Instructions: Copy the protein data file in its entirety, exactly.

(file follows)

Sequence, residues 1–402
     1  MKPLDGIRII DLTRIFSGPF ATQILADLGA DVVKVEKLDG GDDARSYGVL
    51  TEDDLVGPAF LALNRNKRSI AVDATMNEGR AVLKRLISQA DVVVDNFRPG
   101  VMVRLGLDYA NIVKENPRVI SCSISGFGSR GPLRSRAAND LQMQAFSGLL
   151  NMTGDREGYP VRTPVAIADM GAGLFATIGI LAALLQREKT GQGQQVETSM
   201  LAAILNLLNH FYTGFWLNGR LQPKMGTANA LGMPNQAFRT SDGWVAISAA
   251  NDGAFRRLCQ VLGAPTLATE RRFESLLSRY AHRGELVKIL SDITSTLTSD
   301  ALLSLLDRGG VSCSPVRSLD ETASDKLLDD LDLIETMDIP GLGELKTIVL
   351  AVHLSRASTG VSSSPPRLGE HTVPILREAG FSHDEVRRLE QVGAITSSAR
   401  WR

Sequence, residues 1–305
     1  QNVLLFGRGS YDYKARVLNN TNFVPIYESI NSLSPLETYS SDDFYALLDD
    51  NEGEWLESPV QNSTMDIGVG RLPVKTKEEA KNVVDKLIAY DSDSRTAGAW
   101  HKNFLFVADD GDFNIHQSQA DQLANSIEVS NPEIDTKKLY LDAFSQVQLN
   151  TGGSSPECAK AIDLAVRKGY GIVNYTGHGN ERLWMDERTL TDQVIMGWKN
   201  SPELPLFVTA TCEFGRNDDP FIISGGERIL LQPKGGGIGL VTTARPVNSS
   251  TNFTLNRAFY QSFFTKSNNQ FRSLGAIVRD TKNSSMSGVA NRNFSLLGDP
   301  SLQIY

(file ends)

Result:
Sequence, residues 1–402
     1  MKPLDGIRII DLTRIFSGPF ATQILADLGA DVVKVEKLDG GDDARSYGVL
    51  TEDDLVGPAF LALNRNKRSI AVDATMNEGR AVLKRLISQA DVVVDNFRPG
   101  VMVRLGLDYA NIVKENPRVI SCSISGFGSR GPLRSRAAND LQMQAFSGLL
   151  NMTGDREGYP VRTPVAIADM GAGLFATIGI LAALLQREKT GQGQQVETSM
   201  LAAILNLLNH FYTGFWLNGR LQPKMGTANA LGMPNQAFRT SDGWVAISAA
   251  NDGAFRRLCQ VLGAPTLATE RRFESLLSRY AHRGELVKIL SDITSTLTSD
   301  ALLSLLDRGG VSCSPVRSLD ETASDKLLDD LDLIETMDIP GLGELKTIVL
   351  AVHLSRASTG VSSSPPRLGE HTVPILREAG FSHDEVRRLE QVGAITSSAR
   401  WR

Sequence, residues 1–305
     1  QNVLLFGRGS YDYKARVLNN TNFVPIYESI NSLSPLETYS SDDFYALLDD
    51  NEGEWLESPV QNSTMDIGVG RLPVKTKEEA KNVVDKLIAY DSDSRTAGAW
   101  HKNFLFVADD GDFNIHQSQA DQLANSIEVS NPEIDTKKLY LDAFSQVQLN
   151  TGGSSPECAK AIDLAVRKGY GIVNYTGHGN ERLWMDERTL TDQVIMGWKN
   201  SPELPLFVTA TCEFGRNDDP FIISGGERIL LQPKGGGIGL VTTARPVNSS
   251  TNFTLNRAFY QSFFTKSNNQ FRSLGAIVRD TKNSSMSGVA NRNFSLLGDP
   301  SLQIY